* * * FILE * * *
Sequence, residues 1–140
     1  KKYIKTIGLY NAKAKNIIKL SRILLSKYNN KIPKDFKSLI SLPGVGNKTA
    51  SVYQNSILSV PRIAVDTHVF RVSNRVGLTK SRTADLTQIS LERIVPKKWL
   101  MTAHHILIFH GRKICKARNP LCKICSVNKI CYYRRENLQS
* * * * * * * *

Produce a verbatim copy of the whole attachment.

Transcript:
Sequence, residues 1–140
     1  KKYIKTIGLY NAKAKNIIKL SRILLSKYNN KIPKDFKSLI SLPGVGNKTA
    51  SVYQNSILSV PRIAVDTHVF RVSNRVGLTK SRTADLTQIS LERIVPKKWL
   101  MTAHHILIFH GRKICKARNP LCKICSVNKI CYYRRENLQS